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Budget reduction to come from city payroll, giving rise to layoff debate

By Staff | Sep 9, 2010

The day after Cape Coral City Council tentatively approved a budget proposal that slashes $6.2 million from the plan previously presented, city employees fear layoffs are in the making.
Although newly appointed City Manager Gary King said twice Tuesday night that he does not contemplate cutting jobs as a result of his amended budget plan that maintains reserves through a proposed 6.7 percent cut in payroll costs, employees don’t believe jobs will not be lost if council gives its final nod to the plan on Sept. 21.
“The city workers as a unit — all of them — are obviously frustrated and demoralized,” said Councilmember Marty McClain Wednesday. “They feel betrayed because they have been made promises, as they conveyed last night. No one has said pointblank there would be layoffs but, just glancing at this budget, that ultimately is what’s going to have to happen.”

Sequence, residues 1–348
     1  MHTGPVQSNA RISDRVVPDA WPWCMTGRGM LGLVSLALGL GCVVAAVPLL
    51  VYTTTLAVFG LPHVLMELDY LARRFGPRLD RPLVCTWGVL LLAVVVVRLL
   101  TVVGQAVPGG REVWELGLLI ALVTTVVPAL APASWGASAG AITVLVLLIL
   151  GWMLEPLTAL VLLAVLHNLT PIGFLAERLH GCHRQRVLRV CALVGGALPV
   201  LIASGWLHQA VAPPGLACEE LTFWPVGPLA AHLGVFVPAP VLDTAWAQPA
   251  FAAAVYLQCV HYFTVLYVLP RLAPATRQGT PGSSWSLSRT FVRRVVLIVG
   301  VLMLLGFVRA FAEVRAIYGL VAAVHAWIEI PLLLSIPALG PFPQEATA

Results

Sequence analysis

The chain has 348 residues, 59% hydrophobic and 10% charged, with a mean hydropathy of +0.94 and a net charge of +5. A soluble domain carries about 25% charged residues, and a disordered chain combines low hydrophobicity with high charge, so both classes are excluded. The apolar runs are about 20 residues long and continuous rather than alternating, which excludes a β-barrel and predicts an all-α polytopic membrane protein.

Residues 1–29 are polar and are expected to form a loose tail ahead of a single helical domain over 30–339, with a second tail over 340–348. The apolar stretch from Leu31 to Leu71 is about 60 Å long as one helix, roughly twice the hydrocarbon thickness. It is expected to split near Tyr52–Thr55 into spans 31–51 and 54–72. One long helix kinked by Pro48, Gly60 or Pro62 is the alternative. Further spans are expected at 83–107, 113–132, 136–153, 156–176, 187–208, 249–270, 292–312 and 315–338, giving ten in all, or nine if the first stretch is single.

King’s amended budget calls for cuts of roughly $3.6 million to be made in police and fire, and “dismantles” parks and recreation, McClain said, adding there will be a significant impact on programs, the water park and the Yacht Club area.
“They’re downplaying it by saying it’s pay cuts but ultimately it’s going to come down to layoffs,” he said.
Councilmember Chris Chulakes-Leetz, though, said Tuesday night that using reserves to adopt next year’s budget would definitely equate to loss of jobs during the 2012 budget cycle.